"Considering these positions, there is no way Rauner can credibly claim to be in sync with President Trump's agenda," Vaughan said. "It's more likely that his refusal to veto the state sanctuary bill will cause the state to lose some federal funding and possibly draw a lawsuit by the Trump administration."
McCann's brother was killed by an illegal immigrant drunken driver in June 2011 when he was crossing a busy street in Chicago. Although the immigrant was imprisoned, he was released after a sanctuary ordinance allowed him to post bond. Brady's wife was killed by an illegal immigrant driver on New Year's Day in 2017. Brady told LifeZette that the local authorities "wouldn't even book him."
Both men tried to meet with Rauner in August as the governor mulled over whether or not to veto the sanctuary bill.
"And he was waffling throughout the entire month," McCann said. "We were promised that we would get a meeting with the governor, so we could make our case, and it never came to fruition."
"So we were very angry. So no, we're not pleased with Gov. Rauner at all. He, as sitting governor, should never have signed that bill," McCann added. "It did not enjoy the support of 11 million people in Illinois, the majority of the people, and certainly not the Republicans."
Brady, a veteran who served six years in the Army National Guard, said that he called Rauner's office twice asking to meet with him.
"That man has no credibility. And I really don't think he's done anything significant in office to begin with to support any of the conservative Republicans. He has done very little, if anything," Brady told LifeZette, adding that Rauner "has definitely lost a lot of the base."
Both men support Ives in her campaign against Rauner.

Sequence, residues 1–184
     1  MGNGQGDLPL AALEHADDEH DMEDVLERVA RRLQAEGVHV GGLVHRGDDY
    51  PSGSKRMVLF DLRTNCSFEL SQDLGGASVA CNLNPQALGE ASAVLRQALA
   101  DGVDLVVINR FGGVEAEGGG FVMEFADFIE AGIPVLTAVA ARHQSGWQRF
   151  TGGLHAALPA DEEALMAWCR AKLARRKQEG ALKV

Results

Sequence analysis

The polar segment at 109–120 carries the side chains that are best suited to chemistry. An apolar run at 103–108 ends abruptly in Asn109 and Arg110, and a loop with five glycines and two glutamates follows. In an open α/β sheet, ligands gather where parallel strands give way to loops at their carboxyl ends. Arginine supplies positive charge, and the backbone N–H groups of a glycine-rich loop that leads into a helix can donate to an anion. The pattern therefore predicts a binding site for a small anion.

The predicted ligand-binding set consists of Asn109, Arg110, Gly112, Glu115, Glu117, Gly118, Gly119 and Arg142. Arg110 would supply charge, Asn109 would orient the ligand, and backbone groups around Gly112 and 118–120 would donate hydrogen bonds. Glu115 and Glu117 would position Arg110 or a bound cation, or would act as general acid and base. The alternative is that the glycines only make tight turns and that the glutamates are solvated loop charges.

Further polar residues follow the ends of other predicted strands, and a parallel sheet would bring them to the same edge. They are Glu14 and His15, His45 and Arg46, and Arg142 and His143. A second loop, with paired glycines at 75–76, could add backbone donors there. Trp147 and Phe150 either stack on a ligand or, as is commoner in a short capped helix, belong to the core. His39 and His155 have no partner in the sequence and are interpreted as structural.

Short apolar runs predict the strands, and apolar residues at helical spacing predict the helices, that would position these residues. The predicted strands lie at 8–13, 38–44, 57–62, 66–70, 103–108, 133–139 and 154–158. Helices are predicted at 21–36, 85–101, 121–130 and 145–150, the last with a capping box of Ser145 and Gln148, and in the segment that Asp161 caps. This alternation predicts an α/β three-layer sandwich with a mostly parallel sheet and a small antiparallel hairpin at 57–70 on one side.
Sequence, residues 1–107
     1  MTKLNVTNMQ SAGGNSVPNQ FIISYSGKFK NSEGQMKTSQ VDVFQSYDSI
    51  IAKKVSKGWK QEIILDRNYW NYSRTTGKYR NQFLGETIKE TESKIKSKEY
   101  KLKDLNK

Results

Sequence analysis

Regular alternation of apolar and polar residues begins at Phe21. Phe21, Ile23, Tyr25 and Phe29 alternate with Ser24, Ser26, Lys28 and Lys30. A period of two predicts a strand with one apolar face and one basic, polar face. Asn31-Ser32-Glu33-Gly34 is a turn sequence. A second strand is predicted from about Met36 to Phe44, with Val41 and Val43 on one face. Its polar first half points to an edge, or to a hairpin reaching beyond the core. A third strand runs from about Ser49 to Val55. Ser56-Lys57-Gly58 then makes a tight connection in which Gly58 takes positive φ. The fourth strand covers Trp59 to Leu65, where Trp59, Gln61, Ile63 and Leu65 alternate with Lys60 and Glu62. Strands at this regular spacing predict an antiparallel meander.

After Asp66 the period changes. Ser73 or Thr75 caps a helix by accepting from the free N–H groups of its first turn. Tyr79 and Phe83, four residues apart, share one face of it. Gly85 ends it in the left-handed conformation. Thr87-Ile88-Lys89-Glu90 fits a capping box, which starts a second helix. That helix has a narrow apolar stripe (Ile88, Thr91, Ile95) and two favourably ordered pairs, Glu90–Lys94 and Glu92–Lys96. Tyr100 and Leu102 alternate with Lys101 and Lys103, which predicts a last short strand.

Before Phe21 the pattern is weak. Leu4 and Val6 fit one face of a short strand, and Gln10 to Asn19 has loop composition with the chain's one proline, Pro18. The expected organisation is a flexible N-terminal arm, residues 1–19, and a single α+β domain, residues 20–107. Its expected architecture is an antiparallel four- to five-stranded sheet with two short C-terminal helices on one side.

"We need to get back to the core values and not just be fiscally responsible, but be responsible to our people," Brady said. "Don't let things like this happen to the people that live here. This man had been deported multiple times and had committed crimes. So, I mean, it wasn't like he was an upstanding citizen. He was a criminal illegal immigrant."
Rauner's refusal to veto the sanctuary bill created a "public safety issue" that caused local law enforcement officers to have their "hands tied when they know these people are criminals," Brady said.
"This country needs to re-evaluate its importance of its citizens and the value of taking care of ourselves first before we can extend to taking care of others," Brady said, adding that Rauner's decision to cater to illegal immigrants' interests "is not patriotism."
McCann called Ives a "once in a generation" kind of person because she remains firm in her commitment to conservative policies in the face of intense pressure from Democrats and moderate Republicans, McCann said.
"And frankly, in Illinois we haven't had anybody quite like that since Lincoln," McCann said. "There's other arguments that the moderate Republicans of Illinois seem to think that they have to moderate their views on immigration to survive. There's some credibility to that argument, I suppose. But that didn't sit well with me."